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THE IMPACT OF ANXIETY ON POST - DURAL PUNCTURE HEADACHE IN ROUTINE NEUROLOGY PRACTICE

Stefka Mantarova, Spaska Georgieva- Zhostova, Boyko Todorov, Anastasia Trenova, Georgi Slavov, Maria Manova.


Abstract

Background: The post-dural puncture headache (PDPH) is the most common complication of lumbar puncture in neurological practice. Although the comorbidity of headache and psychiatric symptoms is well-recognized, the data about the relationship between PDPH and symptoms of anxiety and depression are limited. The aim of the present study was to determine the influence of anxiety symptoms on the risk for PDPH.
Methods: Diagnostic lumbar puncture was performed to thirty-nine neurological patients, presented by 26 women and 13 men. All subjects completed the Hospital Anxiety and Depression Scale (HADS) before the procedure. Information about the clinical characteristic of the headache - quality, location, severity, postural nature, duration and associated symptoms (nausea, vomiting, and tinnitus) was collected.
Results: Fifteen of the patients (38,5%) developed PDPH. According to the presence of PDPH the patients were divided into two groups – with (group 1) and without headache (group 2). Women with headache were significantly younger (mean age 34,00±11,22 years) compared to females in group 2 (mean age 45,07±12,36 years) (p=0,028). Patients in group 1 had significantly higher levels of reported anxiety symptoms compared to group 2 (p= 0,045). A significant positive correlation was observed between anxiety and PDPH (Spearman’s rho = 0,412, p=0,009).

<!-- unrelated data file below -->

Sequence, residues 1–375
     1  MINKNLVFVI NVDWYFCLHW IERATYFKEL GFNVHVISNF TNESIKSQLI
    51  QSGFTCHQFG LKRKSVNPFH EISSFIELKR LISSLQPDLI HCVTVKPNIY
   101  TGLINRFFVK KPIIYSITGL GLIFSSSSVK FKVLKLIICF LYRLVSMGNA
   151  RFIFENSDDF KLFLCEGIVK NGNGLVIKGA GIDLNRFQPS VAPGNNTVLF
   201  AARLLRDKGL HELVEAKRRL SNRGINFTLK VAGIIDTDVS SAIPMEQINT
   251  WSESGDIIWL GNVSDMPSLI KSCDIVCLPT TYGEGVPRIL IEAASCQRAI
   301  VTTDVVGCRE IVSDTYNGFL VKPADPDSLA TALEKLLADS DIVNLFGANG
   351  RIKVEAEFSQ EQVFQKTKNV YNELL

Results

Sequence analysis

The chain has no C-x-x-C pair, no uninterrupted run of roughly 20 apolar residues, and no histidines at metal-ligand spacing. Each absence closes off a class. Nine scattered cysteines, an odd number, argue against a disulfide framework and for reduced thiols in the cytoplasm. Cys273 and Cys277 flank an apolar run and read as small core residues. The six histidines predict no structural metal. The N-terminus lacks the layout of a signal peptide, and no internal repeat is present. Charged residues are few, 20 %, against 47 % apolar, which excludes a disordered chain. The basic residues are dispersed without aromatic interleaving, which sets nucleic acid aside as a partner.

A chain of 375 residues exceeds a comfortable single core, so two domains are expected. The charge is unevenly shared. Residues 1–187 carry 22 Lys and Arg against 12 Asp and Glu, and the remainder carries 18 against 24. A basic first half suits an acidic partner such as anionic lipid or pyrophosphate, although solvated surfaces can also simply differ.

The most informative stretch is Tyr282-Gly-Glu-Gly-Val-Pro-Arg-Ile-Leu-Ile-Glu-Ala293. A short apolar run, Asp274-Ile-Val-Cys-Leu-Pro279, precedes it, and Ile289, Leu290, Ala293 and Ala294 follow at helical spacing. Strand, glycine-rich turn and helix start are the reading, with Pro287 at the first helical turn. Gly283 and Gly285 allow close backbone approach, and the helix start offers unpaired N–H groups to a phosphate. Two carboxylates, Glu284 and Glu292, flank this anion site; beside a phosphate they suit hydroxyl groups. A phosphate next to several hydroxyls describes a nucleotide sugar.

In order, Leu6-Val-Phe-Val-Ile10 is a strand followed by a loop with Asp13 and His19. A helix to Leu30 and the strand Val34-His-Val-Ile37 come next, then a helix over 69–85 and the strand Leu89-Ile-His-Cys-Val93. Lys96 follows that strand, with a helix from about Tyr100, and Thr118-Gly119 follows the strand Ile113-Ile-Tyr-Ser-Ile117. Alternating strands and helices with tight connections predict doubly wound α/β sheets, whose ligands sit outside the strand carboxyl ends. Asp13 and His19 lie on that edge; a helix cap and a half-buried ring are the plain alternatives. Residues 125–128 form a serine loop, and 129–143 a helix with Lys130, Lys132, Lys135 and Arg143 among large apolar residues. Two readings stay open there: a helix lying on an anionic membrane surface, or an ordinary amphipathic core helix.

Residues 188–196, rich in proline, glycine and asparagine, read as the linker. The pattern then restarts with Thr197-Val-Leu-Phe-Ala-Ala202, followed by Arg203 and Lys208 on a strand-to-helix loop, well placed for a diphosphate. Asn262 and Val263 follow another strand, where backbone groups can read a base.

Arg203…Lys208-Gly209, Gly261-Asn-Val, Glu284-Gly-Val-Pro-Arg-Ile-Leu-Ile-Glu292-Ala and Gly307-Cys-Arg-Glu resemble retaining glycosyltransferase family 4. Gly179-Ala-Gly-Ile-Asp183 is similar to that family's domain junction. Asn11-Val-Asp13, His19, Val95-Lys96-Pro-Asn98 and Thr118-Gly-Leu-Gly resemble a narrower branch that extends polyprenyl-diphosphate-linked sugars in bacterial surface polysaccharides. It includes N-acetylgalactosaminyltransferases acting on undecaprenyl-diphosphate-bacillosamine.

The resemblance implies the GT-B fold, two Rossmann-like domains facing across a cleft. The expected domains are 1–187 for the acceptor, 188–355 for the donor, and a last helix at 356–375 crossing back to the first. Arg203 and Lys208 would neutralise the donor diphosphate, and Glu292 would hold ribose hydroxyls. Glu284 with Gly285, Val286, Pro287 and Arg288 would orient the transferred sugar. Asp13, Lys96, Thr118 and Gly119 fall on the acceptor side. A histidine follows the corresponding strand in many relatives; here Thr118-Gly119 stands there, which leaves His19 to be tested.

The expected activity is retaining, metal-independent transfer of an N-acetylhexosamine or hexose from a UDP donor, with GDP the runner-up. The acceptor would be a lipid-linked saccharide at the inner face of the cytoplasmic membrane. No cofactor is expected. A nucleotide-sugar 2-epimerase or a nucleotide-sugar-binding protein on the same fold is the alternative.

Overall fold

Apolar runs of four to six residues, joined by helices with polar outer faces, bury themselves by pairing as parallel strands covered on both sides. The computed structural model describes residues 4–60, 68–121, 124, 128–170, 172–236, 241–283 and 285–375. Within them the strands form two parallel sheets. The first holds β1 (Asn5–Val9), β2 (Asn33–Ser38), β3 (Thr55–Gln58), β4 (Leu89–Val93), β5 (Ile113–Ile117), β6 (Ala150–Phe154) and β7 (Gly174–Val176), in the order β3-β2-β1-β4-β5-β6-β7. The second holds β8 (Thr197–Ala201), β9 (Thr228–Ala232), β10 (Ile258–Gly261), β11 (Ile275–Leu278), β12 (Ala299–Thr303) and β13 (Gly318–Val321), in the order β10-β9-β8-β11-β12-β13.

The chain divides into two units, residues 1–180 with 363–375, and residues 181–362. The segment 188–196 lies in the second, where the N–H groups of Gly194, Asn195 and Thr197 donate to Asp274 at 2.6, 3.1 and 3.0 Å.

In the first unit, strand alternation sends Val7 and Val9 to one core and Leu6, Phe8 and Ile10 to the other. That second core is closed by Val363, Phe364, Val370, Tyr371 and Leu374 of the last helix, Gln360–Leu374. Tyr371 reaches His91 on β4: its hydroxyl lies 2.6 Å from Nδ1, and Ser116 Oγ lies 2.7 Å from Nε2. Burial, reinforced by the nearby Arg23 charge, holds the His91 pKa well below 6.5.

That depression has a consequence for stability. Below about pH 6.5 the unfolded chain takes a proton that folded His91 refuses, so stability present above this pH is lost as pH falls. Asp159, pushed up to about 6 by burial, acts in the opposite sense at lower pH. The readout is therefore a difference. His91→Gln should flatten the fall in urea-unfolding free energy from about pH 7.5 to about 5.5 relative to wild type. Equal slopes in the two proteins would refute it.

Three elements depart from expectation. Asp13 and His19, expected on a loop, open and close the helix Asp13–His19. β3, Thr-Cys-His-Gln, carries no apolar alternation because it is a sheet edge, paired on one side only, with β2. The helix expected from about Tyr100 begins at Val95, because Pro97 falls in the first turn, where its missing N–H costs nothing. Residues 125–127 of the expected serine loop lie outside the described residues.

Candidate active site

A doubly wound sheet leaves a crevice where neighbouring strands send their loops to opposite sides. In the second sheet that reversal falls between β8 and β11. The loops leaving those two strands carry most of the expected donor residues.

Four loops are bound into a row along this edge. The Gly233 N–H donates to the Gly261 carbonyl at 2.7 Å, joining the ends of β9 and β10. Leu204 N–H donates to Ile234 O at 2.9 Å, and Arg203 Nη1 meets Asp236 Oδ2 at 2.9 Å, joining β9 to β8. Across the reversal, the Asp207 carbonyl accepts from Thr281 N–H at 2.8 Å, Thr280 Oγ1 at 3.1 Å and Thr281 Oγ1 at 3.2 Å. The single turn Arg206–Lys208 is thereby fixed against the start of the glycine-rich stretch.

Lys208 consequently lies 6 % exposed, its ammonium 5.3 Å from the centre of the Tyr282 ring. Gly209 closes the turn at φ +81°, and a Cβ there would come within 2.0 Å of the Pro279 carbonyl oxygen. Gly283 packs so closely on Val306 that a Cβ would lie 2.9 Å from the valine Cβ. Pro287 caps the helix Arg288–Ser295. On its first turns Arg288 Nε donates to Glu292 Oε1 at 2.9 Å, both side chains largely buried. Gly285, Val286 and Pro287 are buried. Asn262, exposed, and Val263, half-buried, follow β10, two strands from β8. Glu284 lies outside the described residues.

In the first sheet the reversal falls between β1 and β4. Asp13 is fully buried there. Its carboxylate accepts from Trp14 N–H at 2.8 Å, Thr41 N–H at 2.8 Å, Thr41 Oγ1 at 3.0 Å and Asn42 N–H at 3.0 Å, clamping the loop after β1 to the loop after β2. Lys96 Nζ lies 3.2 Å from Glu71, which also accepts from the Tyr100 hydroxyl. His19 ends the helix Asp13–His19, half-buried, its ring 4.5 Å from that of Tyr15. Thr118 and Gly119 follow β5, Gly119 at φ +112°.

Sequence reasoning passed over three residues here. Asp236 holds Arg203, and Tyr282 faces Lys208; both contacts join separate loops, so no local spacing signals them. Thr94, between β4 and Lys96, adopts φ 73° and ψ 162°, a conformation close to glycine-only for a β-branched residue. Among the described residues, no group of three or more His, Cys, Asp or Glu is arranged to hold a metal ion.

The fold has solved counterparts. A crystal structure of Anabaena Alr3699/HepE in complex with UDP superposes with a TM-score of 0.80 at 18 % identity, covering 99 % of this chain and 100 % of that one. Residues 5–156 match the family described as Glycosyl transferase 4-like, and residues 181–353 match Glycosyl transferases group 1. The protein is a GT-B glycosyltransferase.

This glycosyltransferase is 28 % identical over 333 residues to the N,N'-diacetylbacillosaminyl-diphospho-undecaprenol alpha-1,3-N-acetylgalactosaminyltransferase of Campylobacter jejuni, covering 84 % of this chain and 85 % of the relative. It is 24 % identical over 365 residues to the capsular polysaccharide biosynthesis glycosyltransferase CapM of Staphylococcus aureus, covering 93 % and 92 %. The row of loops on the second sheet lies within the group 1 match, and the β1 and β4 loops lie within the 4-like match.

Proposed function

Conclusion: Younger female patients with anxiety had a considerably increased rate of PDPH. This could be of practical benefit in devising an additional treatment strategy for patients with PDPH.

Key words: headache, anxiety, depression, lumbar puncture






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